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Potassium channel, voltage gated shaker related subfamily A, member 5
Symbols KCNA5 ; ATFB7; HCK1; HK2; HPCN1; KV1.5; PCN1
External IDs OMIM176267 MGI96662 HomoloGene1683 IUPHAR: 542 ChEMBL: 4306 GeneCards: KCNA5 Gene
RNA expression pattern
PBB GE KCNA5 206762 at tn.png
More reference expression data
Species Human Mouse
Entrez 3741 16493
Ensembl ENSG00000130037 ENSMUSG00000045534
UniProt P22460 Q61762
RefSeq (mRNA) NM_002234 NM_145983
RefSeq (protein) NP_002225 NP_666095
Location (UCSC) Chr 12:
5.04 – 5.05 Mb
Chr 6:
126.53 – 126.7 Mb
PubMed search [1] [2]

Potassium voltage-gated channel, shaker-related subfamily, member 5, also known as KCNA5 or Kv1.5, is a protein that in humans is encoded by the KCNA5 gene.[1]


Potassium channels represent the most complex class of voltage-gated ion channels from both functional and structural standpoints. KCNA5 encodes a member of the potassium channel, voltage-gated, shaker-related subfamily. This member contains six membrane-spanning domains with a shaker-type repeat in the fourth segment. It belongs to the delayed rectifier class, the function of which could restore the resting membrane potential of beta cells after depolarization, thereby contributing to the regulation of insulin secretion. This gene is intronless, and the gene is clustered with genes KCNA1 and KCNA6 on chromosome 12.[1] Mutations in this gene have been related to both atrial fibrillation [2] and sudden cardiac death.[3] KCNA5 are also key players in pulmonary vascular function, where they play a role in setting the resting membrane potential and its involvement during hypoxic pulmonary vasoconstriction.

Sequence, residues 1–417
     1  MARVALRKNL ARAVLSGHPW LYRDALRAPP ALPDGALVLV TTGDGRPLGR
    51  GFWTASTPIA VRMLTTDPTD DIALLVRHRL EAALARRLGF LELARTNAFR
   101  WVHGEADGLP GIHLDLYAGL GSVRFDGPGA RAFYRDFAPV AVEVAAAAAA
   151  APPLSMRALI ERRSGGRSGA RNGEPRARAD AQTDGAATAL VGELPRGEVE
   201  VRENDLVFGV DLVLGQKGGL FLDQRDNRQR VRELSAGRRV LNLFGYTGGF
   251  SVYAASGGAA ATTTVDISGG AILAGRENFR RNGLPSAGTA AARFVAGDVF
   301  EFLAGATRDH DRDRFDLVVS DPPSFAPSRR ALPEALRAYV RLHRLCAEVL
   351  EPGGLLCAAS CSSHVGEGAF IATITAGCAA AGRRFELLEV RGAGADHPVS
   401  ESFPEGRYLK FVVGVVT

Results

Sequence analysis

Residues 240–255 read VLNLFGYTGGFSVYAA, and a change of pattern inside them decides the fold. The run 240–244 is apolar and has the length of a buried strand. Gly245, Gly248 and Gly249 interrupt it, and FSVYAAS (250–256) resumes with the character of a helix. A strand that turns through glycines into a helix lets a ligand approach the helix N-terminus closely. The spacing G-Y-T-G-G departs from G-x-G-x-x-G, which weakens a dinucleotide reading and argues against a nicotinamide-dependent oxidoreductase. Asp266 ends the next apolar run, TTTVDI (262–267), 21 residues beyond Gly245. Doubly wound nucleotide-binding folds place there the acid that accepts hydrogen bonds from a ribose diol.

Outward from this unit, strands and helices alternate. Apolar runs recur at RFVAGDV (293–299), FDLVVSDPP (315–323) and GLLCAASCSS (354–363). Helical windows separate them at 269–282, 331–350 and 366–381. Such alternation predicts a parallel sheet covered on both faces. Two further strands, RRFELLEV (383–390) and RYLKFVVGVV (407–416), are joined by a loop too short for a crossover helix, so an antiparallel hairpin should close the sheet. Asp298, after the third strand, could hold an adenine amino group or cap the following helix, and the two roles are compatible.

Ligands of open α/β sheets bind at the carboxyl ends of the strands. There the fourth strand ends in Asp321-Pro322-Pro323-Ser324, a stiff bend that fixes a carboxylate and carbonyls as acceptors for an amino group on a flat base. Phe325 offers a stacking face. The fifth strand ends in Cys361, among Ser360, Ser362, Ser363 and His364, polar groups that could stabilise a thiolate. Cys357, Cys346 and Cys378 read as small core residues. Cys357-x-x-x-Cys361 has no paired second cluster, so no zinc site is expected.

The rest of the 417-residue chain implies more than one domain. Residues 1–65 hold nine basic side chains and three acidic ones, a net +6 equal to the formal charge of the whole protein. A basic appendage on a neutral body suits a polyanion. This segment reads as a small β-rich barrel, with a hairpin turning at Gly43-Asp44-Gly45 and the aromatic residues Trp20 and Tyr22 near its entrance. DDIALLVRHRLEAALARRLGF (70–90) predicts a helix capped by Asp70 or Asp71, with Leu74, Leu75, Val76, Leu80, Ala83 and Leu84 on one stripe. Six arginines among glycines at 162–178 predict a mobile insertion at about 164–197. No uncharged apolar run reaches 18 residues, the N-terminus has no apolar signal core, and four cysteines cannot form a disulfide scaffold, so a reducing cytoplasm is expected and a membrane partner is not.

KCNA5 has been shown to interact with DLG4[4][5] and Actinin, alpha 2.[4][6]

See also[edit]


  1. ^ a b "Entrez Gene: KCNA5 potassium voltage-gated channel, shaker-related subfamily, member 5". 
  2. ^ Olson TM, Alekseev AE, Liu XK, Park S, Zingman LV, Bienengraeber M, Sattiraju S, Ballew JD, Jahangir A, Terzic A (Jul 2006). "Kv1.5 channelopathy due to KCNA5 loss-of-function mutation causes human atrial fibrillation". Human Molecular Genetics 15 (14): 2185–91. doi:10.1093/hmg/ddl143. PMID 16772329. 
  3. ^ Nielsen NH, Winkel BG, Kanters JK, Schmitt N, Hofman-Bang J, Jensen HS, Bentzen BH, Sigurd B, Larsen LA, Andersen PS, Haunsø S, Kjeldsen K, Grunnet M, Christiansen M, Olesen SP (Mar 2007). "Mutations in the Kv1.5 channel gene KCNA5 in cardiac arrest patients". Biochemical and Biophysical Research Communications 354 (3): 776–82. doi:10.1016/j.bbrc.2007.01.048. PMID 17266934. 
  4. ^ a b Eldstrom J, Choi WS, Steele DF, Fedida D (Jul 2003). "SAP97 increases Kv1.5 currents through an indirect N-terminal mechanism". FEBS Letters 547 (1-3): 205–11. doi:10.1016/S0014-5793(03)00668-9. PMID 12860415. 
  5. ^ Eldstrom J, Doerksen KW, Steele DF, Fedida D (Nov 2002). "N-terminal PDZ-binding domain in Kv1 potassium channels". FEBS Letters 531 (3): 529–37. doi:10.1016/S0014-5793(02)03572-X. PMID 12435606. 
  6. ^ Maruoka ND, Steele DF, Au BP, Dan P, Zhang X, Moore ED, Fedida D (May 2000). "alpha-actinin-2 couples to cardiac Kv1.5 channels, regulating current density and channel localization in HEK cells". FEBS Letters 473 (2): 188–94. doi:10.1016/S0014-5793(00)01521-0. PMID 10812072. 

Further reading[edit]

External links[edit]

This article incorporates text from the United States National Library of Medicine, which is in the public domain.